Study Guide

Slow, Slow, Fresh Fount Flowers

By Ben Jonson


As we mentioned in our "In a Nutshell" section, the youth whom Echo loved – Narcissus – eventually died and became a daffodil. Naturally, there are going to be at least a few flowers in the poem, and at least one daffodil in particular. Only, when Echo mentions the daffodil, it is not a symbol of Narcissus' beauty, but of death (it is "withered "). When you add to that the fact that, earlier in the poem, Echo asks the "herbs and flowers" to "droop," it seems that the flowers in this poem aren't your stock and standard beautiful blooms. Nope, they mean death, and all the grief that comes with it.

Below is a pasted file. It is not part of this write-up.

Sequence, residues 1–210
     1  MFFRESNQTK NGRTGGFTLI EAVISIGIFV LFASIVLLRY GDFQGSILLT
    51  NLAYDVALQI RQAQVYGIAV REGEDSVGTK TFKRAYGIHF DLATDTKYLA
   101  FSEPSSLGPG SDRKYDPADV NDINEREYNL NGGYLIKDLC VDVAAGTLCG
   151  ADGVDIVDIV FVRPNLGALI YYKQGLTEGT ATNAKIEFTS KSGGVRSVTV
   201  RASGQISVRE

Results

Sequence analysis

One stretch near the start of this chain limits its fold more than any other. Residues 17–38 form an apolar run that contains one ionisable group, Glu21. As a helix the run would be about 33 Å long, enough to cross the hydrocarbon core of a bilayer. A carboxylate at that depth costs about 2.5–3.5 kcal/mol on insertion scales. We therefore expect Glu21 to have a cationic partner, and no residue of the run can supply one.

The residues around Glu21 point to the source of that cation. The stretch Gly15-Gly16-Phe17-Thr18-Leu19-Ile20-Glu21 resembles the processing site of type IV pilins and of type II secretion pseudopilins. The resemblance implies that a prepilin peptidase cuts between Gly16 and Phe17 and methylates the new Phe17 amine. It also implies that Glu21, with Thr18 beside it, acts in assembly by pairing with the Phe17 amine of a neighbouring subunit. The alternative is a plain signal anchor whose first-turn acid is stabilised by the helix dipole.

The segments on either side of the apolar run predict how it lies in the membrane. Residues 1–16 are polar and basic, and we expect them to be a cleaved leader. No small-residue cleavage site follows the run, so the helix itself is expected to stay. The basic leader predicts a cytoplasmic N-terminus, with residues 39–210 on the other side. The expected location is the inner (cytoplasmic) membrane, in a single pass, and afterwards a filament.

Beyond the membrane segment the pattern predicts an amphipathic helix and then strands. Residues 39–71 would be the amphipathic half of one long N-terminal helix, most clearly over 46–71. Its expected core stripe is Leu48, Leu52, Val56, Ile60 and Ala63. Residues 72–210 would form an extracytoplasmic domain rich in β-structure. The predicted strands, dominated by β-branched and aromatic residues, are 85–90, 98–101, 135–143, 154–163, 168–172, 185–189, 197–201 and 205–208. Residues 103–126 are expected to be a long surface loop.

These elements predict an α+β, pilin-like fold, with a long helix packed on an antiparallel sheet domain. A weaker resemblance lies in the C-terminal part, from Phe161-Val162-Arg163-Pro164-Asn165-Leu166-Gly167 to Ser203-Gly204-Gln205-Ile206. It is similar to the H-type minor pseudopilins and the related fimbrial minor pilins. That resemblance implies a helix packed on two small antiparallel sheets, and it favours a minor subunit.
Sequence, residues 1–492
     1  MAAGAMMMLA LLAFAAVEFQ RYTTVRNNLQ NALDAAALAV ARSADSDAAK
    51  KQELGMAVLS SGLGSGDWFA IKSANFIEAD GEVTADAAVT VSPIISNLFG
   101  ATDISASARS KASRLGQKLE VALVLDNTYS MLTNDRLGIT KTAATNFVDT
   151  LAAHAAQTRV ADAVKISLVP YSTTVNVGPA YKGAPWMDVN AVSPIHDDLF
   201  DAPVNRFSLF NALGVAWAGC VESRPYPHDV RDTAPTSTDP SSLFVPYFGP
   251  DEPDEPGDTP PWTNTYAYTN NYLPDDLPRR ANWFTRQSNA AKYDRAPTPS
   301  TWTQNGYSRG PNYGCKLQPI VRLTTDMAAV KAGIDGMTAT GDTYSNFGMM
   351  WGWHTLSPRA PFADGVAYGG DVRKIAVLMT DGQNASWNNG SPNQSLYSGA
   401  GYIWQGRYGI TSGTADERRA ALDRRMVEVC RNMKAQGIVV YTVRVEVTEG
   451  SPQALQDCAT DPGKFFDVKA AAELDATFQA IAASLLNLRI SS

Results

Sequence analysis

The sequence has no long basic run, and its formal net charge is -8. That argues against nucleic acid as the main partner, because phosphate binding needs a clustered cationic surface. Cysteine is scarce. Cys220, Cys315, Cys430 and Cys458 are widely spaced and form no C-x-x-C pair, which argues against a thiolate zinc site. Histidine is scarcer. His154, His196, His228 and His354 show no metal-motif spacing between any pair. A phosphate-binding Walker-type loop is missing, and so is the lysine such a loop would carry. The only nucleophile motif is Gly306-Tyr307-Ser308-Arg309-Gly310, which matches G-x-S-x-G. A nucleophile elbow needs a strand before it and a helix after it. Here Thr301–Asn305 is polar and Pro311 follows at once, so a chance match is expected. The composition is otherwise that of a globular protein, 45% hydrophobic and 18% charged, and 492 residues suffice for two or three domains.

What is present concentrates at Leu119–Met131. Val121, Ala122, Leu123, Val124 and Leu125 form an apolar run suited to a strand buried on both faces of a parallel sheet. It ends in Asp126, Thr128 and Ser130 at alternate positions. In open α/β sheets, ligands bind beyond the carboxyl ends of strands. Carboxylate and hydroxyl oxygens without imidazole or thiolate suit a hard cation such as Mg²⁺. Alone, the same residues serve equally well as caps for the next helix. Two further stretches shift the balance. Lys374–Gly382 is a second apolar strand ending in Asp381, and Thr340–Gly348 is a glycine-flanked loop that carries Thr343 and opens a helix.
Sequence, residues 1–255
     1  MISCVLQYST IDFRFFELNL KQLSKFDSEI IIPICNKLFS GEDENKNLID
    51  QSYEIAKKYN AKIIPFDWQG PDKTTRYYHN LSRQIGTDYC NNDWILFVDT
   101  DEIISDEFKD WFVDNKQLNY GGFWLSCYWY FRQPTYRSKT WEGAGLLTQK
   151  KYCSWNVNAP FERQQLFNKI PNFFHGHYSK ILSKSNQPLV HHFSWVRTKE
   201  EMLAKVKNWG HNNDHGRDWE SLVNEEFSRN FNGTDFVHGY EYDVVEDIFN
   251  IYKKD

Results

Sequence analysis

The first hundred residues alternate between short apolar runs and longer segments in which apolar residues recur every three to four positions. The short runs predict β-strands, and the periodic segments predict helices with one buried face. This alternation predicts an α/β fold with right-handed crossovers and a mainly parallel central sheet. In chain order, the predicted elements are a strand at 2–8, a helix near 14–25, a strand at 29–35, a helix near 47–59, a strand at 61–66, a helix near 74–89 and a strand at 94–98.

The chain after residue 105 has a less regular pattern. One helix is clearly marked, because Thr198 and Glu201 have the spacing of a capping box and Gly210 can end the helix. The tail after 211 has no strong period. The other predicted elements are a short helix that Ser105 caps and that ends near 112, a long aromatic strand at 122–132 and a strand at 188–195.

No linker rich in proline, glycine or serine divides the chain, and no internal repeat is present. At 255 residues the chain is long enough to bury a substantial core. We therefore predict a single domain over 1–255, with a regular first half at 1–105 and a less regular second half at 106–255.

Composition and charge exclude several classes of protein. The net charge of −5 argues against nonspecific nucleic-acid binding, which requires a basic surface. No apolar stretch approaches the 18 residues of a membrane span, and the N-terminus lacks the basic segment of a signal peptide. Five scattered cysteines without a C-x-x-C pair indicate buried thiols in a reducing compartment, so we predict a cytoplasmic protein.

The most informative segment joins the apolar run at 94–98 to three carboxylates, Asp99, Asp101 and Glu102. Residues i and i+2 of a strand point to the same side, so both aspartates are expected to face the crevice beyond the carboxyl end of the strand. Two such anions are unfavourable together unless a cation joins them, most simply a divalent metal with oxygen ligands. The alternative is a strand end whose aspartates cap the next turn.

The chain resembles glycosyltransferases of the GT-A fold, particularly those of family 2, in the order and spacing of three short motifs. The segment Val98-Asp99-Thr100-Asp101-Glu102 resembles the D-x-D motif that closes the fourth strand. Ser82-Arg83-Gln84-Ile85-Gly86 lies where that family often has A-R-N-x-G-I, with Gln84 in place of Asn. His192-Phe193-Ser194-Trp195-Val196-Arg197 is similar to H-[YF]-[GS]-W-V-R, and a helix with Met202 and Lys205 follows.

• Line 5: Echo says the "herbs and flowers" "droop," in sorrow for the long gone Narcissus. Even the flowers can't escape the loss of the beautiful youth.
  • Line 11: Echo is upset that Narcissus – "nature's pride" – is now a "withered daffodil." While you might think that being reborn as a daffodil doesn't sound like such a bad lot, in this case, the daffodil is withered, making it a symbol of death, not life. The repetition of the "n" in "nature's" and "now" is an example of our favorite sonic sidekick, alliteration.